Now it may well be so that Scientology contains a truth here and there, perhaps a whole grocery bag full of them, and I suspect that it's adherents are simply ambivalent about truth, as I once was, and are more interested in "what does it do for me." But now, as a Catholic, having made the public affirmation that I have submitted my intellect and understanding to my Lord Jesus Christ, the God Who is Truth, and all that He has taught through His Holy Catholic Church, I have a hard time understanding why anyone would be content with any mix of error and truth.
During RCIA, Father gave one discussion in which he used as an example a bottle of very fine wine, the finest and most expensive that can be obtained. Yet, add a drop of cyanide, and a glass of the best wine, now will kill you. Do you continue to extol the virtues of this fine wine, or do you warn others not to drink of it? tell me, which is charity? To say, this is a fine wine you have! or Don't drink that, it will kill you!! In point of fact, Father was saying the exact same thing that the Pope said when condemning the errors of Martin Luther:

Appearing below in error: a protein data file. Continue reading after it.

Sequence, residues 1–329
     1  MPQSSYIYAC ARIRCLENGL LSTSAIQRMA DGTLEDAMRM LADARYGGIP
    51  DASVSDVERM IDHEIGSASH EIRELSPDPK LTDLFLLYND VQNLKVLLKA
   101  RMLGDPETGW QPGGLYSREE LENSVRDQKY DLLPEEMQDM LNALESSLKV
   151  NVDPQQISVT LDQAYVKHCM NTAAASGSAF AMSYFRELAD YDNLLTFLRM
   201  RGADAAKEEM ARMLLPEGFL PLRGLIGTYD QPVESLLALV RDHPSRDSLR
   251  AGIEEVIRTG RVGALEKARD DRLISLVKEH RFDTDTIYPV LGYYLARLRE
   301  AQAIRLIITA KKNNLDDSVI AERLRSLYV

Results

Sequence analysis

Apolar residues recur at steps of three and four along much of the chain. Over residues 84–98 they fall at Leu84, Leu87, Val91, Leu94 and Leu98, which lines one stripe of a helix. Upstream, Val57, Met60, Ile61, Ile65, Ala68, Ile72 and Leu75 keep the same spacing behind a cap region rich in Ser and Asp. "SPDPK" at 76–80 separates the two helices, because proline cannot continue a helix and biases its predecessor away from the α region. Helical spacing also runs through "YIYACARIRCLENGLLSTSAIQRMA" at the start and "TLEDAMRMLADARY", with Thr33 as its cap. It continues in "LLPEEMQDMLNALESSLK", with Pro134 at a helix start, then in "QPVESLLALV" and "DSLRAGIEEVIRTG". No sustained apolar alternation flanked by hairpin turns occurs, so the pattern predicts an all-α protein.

Condemning The Errors Of Martin Luther
Pope Leo X
Bull issued June 15, 1520
Some, putting aside her true interpretation of Sacred Scripture, are blinded in mind by the father of lies. Wise in their own eyes, according to the ancient practice of heretics, they interpret these same Scriptures otherwise than the Holy Spirit demands, inspired only by their own sense of ambition, and for the sake of popular acclaim, as the Apostle declares. In fact, they twist and adulterate the Scriptures. As a result, according to Jerome, "It is no longer the Gospel of Christ, but a man's, or what is worse, the devil's."
This is charity, to warn in order to save, to identify error, that it may be avoided.
I have heard some say, in reference to questionable sources, but I like this work! It has good things in it! Yes, but do you know where the bad things are hidden, and what they are? Who can know enough to protect themselves from unsuspectingly imbibing fatal error? I have to wonder if the attitude displays a preference for ones own will and discernment, above a respect for the truth? Do I put down the poisoned bottle of fine wine, or be mesmerized by the aroma, the high price, the exclusivity, or whatever? Who has the ability to discern with certainty, when an item is a known mixture of truth and error? Too often, it seems the "good stuff" which the unwarry who have rushed in cling to, ends up being just the poison that they were so sure that they would know to avoid.